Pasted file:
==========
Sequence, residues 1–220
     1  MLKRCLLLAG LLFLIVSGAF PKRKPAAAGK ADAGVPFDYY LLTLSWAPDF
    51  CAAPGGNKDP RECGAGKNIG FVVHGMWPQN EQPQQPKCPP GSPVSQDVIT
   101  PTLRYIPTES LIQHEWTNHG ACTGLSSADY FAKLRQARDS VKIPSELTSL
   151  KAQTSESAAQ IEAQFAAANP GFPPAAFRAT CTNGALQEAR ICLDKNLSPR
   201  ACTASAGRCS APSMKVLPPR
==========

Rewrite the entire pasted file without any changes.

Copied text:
Sequence, residues 1–220
     1  MLKRCLLLAG LLFLIVSGAF PKRKPAAAGK ADAGVPFDYY LLTLSWAPDF
    51  CAAPGGNKDP RECGAGKNIG FVVHGMWPQN EQPQQPKCPP GSPVSQDVIT
   101  PTLRYIPTES LIQHEWTNHG ACTGLSSADY FAKLRQARDS VKIPSELTSL
   151  KAQTSESAAQ IEAQFAAANP GFPPAAFRAT CTNGALQEAR ICLDKNLSPR
   201  ACTASAGRCS APSMKVLPPR